James Claydon

Recent Paintings & Sculptures
21.06.16 - 16.07.16

INSTALLATION IMAGES

ARTWORKS

ARTIST BIO

 

FRAGAR_NKN_2016_DSC4460-med-res.jpg
 

Essay:

Catalogue essay by Joe Rollo

I admire almost all of James Clayden’s endeavours but it is his painting that draws me to his work time and again. In the twenty or so years I’ve known him and across several exhibitions, you can reach into his psyche through his paintings. Working almost exclusively in the difficult and unforgiving medium of enamels, though of late he has also been working in oils, his range of emotions are there for all to see, splashed across his large canvases: dark and brooding, light and bright; often informed by his travels. I especially like James’s abstracted takes on works by Rembrandt, Velazquez, Corot, Cezanne, Seurat, Sargent and Picasso of 2006 and a monumental triptych of 2010, based on an orange-painted room and sculptural pieces he saw and photographed at the Pinacoteca di Brera on a visit to Milan some years back.

The large canvases and small works in this exhibition have been inspired by the semi industrial surroundings of his neighbourhood in the inner city and a seminal trip made to Japan last year. Bridge, car park, tunnel, station, laneway, water works: industrial landscapes is what they are, all struck with confidence and liveliness. Gone are the paint drips of earlier works, painted on easels and then laid flat to stop the enamel paints from running down the face of each work. Each painting here has been worked up slowly in layers. Greens, ochres, browns, yellow, russet, orange and black, of course, lend a liveliness not often seen in past works.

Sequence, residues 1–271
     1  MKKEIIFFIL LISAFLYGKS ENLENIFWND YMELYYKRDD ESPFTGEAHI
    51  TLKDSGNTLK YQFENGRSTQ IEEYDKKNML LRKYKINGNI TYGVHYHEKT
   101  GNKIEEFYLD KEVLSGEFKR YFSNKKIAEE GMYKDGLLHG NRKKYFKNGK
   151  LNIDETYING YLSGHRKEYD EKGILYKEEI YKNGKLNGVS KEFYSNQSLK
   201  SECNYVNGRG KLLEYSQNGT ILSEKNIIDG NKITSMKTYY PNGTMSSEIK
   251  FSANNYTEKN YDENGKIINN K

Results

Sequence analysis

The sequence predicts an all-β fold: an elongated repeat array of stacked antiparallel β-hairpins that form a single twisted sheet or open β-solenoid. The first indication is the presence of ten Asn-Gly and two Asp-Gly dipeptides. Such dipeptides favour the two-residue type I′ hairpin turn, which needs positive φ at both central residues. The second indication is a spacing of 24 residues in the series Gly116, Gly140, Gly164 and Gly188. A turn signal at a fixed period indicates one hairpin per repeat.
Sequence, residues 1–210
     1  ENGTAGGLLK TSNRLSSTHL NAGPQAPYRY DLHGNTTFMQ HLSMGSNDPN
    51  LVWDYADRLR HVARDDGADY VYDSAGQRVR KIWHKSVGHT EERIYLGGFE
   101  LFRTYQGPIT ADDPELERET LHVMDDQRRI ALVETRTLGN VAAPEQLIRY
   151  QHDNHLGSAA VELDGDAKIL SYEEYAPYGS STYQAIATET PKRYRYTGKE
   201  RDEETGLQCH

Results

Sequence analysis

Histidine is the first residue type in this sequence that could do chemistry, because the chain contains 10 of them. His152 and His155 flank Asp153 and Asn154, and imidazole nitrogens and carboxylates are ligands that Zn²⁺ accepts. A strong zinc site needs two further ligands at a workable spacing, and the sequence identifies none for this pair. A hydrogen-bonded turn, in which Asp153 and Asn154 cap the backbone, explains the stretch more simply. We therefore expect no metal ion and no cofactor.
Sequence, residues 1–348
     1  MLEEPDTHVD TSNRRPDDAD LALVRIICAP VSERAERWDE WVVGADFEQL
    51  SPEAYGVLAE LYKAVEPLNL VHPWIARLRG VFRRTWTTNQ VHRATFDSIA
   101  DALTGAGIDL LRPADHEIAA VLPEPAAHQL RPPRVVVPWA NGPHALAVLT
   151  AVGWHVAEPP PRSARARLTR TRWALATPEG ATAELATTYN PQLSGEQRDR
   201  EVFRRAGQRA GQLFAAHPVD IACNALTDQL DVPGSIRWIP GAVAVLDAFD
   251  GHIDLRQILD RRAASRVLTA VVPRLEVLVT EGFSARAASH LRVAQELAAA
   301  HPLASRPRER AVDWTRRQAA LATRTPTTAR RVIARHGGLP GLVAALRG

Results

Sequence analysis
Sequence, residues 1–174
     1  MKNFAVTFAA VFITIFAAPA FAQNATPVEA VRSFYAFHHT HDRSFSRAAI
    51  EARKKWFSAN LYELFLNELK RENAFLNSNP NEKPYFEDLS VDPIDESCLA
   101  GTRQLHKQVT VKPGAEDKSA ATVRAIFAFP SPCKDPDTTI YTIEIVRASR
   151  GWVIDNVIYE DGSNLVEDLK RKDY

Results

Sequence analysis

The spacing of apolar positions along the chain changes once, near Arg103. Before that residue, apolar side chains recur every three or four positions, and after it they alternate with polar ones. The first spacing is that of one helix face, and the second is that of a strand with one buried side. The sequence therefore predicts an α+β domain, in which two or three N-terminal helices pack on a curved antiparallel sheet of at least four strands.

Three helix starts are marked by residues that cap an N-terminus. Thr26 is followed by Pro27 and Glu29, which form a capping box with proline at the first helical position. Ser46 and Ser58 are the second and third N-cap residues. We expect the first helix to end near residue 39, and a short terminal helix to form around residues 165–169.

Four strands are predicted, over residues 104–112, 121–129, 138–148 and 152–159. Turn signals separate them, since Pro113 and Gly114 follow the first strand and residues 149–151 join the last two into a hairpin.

Junction, a conversion of two streets in Japan, is the most colourful and lively. Here you can sense the dynamism of the street, of lights and traffic and advertising signs. If you’ve been to Japan, you will know exactly what I mean.

 Gardens, a monumental two-panel painting, 2400 x 2400, is the largest work in the exhibition and the most striking. It is an impression of a garden visited during James’s brief sojourn in Japan. Struck in soft oranges and russet browns, it has the quality of walking into a fog-bound forest of Japanese maples, backlit by the sun struggling to break through.

The exhibition includes three whimsical bronze sculptures of crumpled cardboard boxes, First AngelSecond Angel and Third Angel. These are tough pieces. You’ll either love them or hate them but, like all of James’s art, they take no prisoners.

Joe Rollo is an architecture writer and editor. He is the founder and editor of C + A, an international magazine of concrete architecture published in Melbourne. He has reviewd architecture in The Age fro more than 20 years, and has written widely for other Australian and international publications. Joe is the author of three books of architecture: Contemporary Melbourne Architecture (1999), a collection of writings from The Age; Concrete Poetry – Concrete Architecture in Australia (2004); and Beautiful Ugly, The Architectural Photography of John Gollings (2011)